• but look at that -- revenues beat expectations -- okay -- but look at EPS -- huge jump -- much greater than revenues would suggest -- this tells me that Bezos has "huge" control of costs
A snarky note: Expedia, among the "travel" sites, did very, very badly. Shares are up, but the story is quite bad. If there's one television ad that I dislike the most: Trivago.

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Amazon HQ2

CNBC poll for Amazon HQ2 site:
  • Pittsburgh: 44%
  • Dallas: 42%
  • Denver: 4%
  • Toronto: 2% 
I can't argue with Pittsburgh -- a good choice. For fulfillment centers -- yes, Pittsburgh seems high on the list -- location, location, location. But for a headquarters -- need to be near a) the nation's movers and shakers (Washington, DC - northern Virginia area); and, b) the nation's bankers, Boston. So as much as I  would like to Amazon HQ2 in north Texas, my bet is somewhere along the northern I-95 corridor

Natural Gas Fill Has Not Yet "Turned The Corner" -- April 26, 2018

So, from yesterday (Wednesday, April 25, 2018):
The next natural gas fill/withdrawal data will be released by the EIA tomorrow (Thursday, April 26, 2018).
This is what is/was forecast.
  • this Thursday (tomorrow), we expect EIA to report 1,287 bcf of working gas in storage for the week ending April 20.
  • 2e anticipate to see a draw of 12 bcf, which is 83 bcf larger than a year ago and 72 bcf larger vs. 5-year average.
How did that forecast work out? Actual results:
  • working gas in storage: 1,281 bcf (net change: - 18 bcf)
  • a draw of 18 bcf (vs 12 bcf predicted)
  • the forecast: almost spot on
As predicted by Platts, it looks like this will be the "longest stretch" for natural gas before "turning the corner."


Thoughts On BP's Comments That It Underestimated Renewable Energy -- April 26, 2018

I posted this about an hour ago, but it's worth re-posting.
Don't get fooled by the headline: BP admits it underestimated renewable energy growth. Near the end of the story --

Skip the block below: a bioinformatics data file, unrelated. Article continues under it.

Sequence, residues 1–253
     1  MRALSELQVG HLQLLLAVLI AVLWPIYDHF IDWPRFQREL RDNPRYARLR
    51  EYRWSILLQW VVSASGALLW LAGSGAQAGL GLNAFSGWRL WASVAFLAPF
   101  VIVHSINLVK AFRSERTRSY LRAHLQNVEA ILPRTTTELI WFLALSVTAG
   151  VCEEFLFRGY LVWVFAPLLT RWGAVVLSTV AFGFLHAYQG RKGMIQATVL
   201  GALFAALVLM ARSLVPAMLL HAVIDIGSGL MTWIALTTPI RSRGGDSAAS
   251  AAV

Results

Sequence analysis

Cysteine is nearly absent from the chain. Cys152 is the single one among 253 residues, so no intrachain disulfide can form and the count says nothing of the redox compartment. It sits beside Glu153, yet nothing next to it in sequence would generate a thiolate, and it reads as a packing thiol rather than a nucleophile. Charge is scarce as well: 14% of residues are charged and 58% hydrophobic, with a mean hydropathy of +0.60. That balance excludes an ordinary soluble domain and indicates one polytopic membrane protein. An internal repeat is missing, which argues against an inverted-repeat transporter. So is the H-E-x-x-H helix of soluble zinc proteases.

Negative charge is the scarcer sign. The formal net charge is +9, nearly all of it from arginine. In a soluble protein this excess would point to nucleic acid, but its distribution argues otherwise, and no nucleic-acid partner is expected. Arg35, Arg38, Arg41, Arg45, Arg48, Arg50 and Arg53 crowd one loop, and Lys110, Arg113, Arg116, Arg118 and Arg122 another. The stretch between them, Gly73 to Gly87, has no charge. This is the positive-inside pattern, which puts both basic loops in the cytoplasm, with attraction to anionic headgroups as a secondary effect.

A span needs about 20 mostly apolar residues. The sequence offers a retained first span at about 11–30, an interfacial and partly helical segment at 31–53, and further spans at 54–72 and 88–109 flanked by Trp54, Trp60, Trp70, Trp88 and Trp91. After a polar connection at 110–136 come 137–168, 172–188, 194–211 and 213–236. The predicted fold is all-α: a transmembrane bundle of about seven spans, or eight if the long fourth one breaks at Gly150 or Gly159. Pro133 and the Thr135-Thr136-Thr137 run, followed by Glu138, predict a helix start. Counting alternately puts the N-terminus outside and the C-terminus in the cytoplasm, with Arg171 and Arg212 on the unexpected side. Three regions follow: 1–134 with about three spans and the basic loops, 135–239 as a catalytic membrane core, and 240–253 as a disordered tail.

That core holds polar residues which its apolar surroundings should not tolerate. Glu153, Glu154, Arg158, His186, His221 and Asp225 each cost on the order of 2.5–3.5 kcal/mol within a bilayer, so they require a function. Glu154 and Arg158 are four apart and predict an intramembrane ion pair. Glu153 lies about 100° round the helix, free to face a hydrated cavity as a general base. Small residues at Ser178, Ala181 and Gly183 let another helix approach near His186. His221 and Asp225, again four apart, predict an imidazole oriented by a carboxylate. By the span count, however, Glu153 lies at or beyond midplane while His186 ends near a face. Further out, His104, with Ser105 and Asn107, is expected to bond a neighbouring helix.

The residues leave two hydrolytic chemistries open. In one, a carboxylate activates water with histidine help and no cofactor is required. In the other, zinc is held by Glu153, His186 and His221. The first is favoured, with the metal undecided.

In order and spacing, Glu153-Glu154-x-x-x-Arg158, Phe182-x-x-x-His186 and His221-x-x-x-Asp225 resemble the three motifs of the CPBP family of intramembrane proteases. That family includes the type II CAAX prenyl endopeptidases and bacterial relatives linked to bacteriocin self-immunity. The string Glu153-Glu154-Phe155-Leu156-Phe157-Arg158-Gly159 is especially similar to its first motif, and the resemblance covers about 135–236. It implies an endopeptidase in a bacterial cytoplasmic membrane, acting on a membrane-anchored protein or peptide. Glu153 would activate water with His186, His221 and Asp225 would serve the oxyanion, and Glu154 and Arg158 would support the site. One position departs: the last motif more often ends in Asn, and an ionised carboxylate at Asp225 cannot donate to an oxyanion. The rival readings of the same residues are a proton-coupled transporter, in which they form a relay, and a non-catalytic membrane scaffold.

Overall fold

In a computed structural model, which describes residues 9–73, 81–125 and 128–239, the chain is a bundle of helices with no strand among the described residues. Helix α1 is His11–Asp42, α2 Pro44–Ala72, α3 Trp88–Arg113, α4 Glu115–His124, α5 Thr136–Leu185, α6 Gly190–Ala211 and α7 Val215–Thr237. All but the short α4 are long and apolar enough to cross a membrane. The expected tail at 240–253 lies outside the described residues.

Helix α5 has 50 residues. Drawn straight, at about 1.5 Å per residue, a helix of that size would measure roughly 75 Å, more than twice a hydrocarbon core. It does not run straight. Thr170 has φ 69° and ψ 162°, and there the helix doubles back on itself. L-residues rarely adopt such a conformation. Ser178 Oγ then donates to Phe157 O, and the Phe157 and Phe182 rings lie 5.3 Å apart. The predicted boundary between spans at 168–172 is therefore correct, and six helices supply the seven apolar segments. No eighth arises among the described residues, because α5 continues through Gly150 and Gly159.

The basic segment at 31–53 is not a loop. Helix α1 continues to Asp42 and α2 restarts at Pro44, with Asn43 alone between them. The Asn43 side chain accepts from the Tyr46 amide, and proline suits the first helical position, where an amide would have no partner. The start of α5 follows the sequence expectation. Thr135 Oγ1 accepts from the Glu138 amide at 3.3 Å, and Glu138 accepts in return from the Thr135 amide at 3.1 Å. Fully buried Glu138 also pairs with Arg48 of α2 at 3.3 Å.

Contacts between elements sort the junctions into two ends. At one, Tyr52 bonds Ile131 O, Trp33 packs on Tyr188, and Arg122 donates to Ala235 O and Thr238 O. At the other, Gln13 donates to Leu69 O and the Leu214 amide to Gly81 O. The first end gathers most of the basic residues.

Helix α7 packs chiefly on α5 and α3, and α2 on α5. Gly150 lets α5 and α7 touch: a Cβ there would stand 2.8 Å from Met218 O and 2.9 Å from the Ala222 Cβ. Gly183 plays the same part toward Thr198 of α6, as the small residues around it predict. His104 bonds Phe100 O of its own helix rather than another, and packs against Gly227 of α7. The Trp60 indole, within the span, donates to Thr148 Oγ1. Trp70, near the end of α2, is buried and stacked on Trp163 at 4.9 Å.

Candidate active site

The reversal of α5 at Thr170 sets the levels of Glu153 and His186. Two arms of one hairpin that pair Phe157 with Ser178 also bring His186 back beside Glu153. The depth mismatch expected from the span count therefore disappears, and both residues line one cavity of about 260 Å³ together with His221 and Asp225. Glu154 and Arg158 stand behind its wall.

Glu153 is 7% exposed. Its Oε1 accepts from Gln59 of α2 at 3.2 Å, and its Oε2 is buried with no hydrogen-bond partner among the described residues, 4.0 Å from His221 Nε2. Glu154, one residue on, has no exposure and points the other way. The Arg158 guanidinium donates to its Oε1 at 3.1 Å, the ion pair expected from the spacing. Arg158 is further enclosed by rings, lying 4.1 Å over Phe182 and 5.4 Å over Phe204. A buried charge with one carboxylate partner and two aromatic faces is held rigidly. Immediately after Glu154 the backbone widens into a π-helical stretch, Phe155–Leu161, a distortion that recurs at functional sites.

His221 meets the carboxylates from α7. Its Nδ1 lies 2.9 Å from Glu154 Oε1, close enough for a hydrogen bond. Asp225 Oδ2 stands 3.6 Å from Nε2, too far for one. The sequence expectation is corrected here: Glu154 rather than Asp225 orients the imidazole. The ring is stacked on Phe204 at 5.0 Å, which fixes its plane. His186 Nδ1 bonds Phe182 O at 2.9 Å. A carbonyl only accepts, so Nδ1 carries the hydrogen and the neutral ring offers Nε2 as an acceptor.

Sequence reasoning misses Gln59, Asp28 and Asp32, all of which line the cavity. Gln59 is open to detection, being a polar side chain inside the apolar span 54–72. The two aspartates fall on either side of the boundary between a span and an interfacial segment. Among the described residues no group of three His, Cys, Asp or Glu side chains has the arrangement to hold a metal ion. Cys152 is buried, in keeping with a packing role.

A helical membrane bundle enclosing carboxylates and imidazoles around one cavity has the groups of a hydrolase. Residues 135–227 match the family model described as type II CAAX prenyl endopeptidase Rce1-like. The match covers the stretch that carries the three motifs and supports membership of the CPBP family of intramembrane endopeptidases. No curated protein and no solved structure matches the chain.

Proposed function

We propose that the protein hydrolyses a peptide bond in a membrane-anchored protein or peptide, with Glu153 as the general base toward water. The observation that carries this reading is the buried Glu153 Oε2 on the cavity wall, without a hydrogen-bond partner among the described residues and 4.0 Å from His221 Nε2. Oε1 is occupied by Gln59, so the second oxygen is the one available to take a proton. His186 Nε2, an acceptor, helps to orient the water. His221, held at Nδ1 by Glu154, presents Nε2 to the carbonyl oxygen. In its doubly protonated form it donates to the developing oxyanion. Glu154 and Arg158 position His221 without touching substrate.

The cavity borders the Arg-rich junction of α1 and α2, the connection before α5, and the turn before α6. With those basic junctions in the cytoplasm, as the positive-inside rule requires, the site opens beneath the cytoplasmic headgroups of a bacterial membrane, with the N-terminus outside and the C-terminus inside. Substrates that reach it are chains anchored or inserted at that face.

China’s solar race could start sputtering some time in the future. This should be a safe enough prediction: sooner or later the local energy market will become saturated with solar power capacity.
When I think of shale oil, about the last company I think of is BP. I very, very seldom see BP involved with shale oil.

My hunch with regard to the the BP/CEO stating unequivocally that "BP underestimated renewable energy growth" is this: this is his attempt to get investors to look at what BP really, really underestimated -- how fast US shale oil would grow.

It's an old media trick.

BP's expertise? Oil and gas. Not renewable energy. They can be excused for underestimating how fast renewable energy grew. But BP's expertise is in oil and gas exploration and production. There is no excuse for underestimating US crude oil shale.

Two stories side-by-side. First, this Financial Times story less than six months ago: "BP chief says shale will have limited effect on global market. Bob Dudley says technical challenges reduce ability to rival conventional output. On December 20, 2017 --
There is a limit to how big a role US shale can play in the global oil market, according to the chief executive of BP, who said traditional producers such as Saudi Arabia would continue to exert more influence over crude prices.